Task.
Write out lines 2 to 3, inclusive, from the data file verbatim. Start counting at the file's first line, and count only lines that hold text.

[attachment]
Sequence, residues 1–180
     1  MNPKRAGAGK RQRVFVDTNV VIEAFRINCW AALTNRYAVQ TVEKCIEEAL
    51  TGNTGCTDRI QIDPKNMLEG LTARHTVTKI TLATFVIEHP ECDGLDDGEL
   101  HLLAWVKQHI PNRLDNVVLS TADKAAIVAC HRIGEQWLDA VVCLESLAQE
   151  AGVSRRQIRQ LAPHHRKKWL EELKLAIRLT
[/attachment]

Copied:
     1  MNPKRAGAGK RQRVFVDTNV VIEAFRINCW AALTNRYAVQ TVEKCIEEAL
    51  TGNTGCTDRI QIDPKNMLEG LTARHTVTKI TLATFVIEHP ECDGLDDGEL